This book doesn’t go very far into the dark hunter world, but you could see that Kenyon was starting to set up things that will be addressed in later books in the series when we start to get deeper into that world. Her site says that you don’t have to read the books in order and I don’t doubt that at all, but in my opinion I think it might be better if you did start from the beginning. So you can see the world building evolve instead of just being thrust into everything like I was in Unleash the Night. All around though this was a great story and I can’t wait to read the rest of the series. ...more
I solemnly swear that I will try my hardest not to gush over this book like a rabid fan girl, but I have to say that I loved this book. Poison Study wI solemnly swear that I will try my hardest not to gush over this book like a rabid fan girl, but I have to say that I loved this book. Poison Study was a unique read and the characters and world Snyder builds up in this are absolutely amazing.
After rooming with the rats in the dungeons for a year, Yelena’s execution date has finally arrived. And she’s escorted upstairs to be read her last rights and have a chance to confess her sins before execution. Only the man she’s taken to offers her a choice, she can either swing in the breeze or become the food taster for the Commander of Ixia. -who is pretty much like the king of the kingdom.- Yelena’s not an idiot and knows that either way she’s choosing death, the only difference is how and when she’s going to die. Fast and now, by a noose or slowly and who knows when by poison. After a bit of consideration Yelena decides that with the poison at least she might have a chance of escaping.
Yelena’s lessons on poisons start immediately and this job is anything but easy. She not only has to deal with the fact that some assassin may try to slip the Commander poisoned food and end up poisoning her, but also that Valek, her teacher and the Commander’s right hand man, is known to test the food tasters by slipping them poisons every once in a while as well. Her plans of escaping have pretty much been squashed too, because Valek slipped a little insurance into her drink and now she has to get an antidote from him every morning or die a slow and painful death. And things just keep on getting better and better for Yelena, because the owner of the orphanage is pissed that she isn’t being executed for killing his son. So his cronies are running around the castle trying to kill her and there’s a rat in the servants quarter who is feeding her enemies information. There’s also the fact that something strange is happening to the Commander and she’s starting to develop a bit of a crush on Valek. Which shouldn’t be happening since the guy is likely to kill her if he ever gets even the slightest notion that she’s not working out as food taster.
I loved the world Snyder is building here. You get the sense that this place is kind of medieval, but then they have some modern conveniences as well. There’s a feud going on between the south and north countries that is really interesting as well. When Ixia was taken over by the Commander he banished all magic people and they went to the south. Now anyone who’s born with magic in Ixia is executed unless they can make it to the south before anyone reports them to the authorities. This is another problem Yelena faces when her magic powers start to emerge.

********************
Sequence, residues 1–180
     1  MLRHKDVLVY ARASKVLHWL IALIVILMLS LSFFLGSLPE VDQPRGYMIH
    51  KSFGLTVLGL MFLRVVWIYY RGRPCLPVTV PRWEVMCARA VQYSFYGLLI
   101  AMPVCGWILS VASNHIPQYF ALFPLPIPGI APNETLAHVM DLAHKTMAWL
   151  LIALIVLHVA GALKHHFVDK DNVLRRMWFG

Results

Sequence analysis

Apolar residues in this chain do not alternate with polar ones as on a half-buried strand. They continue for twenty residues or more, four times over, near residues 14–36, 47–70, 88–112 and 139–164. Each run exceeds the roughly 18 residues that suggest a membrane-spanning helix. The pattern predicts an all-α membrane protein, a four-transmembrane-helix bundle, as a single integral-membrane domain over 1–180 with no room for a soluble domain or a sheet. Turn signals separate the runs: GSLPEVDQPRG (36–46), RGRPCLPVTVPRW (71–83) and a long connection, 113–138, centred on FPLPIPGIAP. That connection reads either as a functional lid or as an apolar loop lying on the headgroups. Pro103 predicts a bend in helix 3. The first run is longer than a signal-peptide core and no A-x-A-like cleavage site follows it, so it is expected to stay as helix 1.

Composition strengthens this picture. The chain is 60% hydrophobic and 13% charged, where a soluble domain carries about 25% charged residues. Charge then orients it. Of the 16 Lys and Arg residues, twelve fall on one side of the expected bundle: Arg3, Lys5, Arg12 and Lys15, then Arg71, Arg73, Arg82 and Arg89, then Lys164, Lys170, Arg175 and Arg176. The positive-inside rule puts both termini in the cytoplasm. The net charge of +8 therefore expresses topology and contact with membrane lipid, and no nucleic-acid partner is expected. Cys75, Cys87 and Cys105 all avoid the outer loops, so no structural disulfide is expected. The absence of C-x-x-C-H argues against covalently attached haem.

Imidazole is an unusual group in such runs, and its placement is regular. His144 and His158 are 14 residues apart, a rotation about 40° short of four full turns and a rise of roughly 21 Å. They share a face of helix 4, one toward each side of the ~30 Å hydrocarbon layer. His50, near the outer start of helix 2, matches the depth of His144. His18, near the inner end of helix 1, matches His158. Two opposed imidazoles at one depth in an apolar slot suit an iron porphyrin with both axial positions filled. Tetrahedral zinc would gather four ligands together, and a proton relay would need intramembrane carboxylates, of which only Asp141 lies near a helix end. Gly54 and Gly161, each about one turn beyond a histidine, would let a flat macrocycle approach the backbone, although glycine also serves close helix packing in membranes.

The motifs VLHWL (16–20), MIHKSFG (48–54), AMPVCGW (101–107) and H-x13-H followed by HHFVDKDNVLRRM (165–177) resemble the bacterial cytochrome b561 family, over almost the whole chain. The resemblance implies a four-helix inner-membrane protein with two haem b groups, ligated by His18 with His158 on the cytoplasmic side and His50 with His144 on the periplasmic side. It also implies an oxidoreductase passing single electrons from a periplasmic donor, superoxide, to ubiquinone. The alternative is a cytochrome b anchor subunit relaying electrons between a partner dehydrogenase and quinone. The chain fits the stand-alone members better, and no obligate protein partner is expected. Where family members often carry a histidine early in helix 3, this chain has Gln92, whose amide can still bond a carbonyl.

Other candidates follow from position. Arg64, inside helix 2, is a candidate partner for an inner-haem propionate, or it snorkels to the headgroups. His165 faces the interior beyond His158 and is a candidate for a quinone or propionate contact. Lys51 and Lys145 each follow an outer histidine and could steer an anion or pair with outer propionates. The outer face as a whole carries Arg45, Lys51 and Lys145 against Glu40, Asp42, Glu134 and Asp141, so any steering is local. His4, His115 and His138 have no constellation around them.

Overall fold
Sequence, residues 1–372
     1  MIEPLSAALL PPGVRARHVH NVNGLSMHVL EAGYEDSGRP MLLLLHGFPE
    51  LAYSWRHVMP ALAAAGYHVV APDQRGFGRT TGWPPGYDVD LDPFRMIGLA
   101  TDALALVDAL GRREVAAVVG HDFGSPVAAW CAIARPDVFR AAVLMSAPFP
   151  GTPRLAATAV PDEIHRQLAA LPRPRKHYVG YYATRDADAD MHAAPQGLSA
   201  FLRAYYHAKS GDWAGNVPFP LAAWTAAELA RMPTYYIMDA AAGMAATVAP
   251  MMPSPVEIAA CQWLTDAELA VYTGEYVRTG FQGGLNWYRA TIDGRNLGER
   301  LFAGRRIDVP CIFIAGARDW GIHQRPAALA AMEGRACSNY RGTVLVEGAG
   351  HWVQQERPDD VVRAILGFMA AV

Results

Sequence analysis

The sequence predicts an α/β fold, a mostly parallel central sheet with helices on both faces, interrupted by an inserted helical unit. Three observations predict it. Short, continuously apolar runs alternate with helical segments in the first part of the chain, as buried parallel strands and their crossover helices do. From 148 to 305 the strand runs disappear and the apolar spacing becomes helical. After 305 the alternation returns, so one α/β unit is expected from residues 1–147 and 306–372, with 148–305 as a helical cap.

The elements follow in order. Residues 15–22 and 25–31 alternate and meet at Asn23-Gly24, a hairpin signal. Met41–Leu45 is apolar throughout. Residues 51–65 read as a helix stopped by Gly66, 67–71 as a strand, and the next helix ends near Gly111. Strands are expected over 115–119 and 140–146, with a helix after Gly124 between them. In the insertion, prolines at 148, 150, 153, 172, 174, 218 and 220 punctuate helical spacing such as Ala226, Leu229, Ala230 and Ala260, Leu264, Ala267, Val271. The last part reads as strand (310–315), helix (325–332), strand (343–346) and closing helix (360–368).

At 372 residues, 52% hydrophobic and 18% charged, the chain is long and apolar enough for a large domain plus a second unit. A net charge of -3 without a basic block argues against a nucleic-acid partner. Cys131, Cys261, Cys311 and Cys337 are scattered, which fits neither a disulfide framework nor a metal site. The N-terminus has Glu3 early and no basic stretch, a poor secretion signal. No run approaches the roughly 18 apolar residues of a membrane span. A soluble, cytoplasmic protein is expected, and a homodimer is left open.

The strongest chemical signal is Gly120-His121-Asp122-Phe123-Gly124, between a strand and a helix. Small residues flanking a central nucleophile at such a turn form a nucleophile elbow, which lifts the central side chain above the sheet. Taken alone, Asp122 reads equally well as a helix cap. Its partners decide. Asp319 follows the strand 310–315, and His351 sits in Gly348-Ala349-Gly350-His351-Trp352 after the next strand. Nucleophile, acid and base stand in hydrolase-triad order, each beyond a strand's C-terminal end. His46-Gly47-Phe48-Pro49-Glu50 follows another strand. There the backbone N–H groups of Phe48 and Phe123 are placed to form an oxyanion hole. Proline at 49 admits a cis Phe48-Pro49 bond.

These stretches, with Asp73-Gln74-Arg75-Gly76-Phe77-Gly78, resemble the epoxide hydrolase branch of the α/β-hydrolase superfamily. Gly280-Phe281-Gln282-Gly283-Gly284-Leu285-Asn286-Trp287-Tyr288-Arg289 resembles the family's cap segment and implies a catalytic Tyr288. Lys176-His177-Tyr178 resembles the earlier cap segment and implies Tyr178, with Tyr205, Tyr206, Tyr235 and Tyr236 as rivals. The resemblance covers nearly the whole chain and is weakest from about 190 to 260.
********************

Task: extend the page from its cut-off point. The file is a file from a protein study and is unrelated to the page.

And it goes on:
Yelena is probably one of the most tortured heroines I’ve read about in a long time and I absolutely loved her character. She had crappy life before she was imprisoned and things just keep getting more awful for her every day, but she handles everything that’s thrown at her really well. She knows how to think things through and instead of being broken by all that has happened to her, it’s only managed to make her stronger. She’s someone who can make it on her own and is smart enough and resourceful enough to survive pretty much anything.
Valek was another great character even though I think I made his character sound a bit darker than he is in the book. Throughout the story you’re a little leery of him and his motives because you can tell he’d do anything to keep the Commander safe and he isn’t exactly Mr. Trusting when it comes to other people. Both Valek and Yelena are really layered characters and I loved watching their relationship grow and watching their interactions together. And the minor characters in the story are great. The Commander was surprisingly a really interesting character and I would’ve liked to have seen more of him.
When I finished this book I was a little annoyed that it kind of ended on a cliff hanger. It wasn’t a huge one or anything. All the problems that were introduced in the story at the beginning were resolved and I felt content the story ended for the time being. Snyder just introduced a few small problems at the end in hopes of leaving us wanting more and kind of giving us a taste of what's going to happen in the next book. And it worked. I highly recommend this book to anyone who's listening....more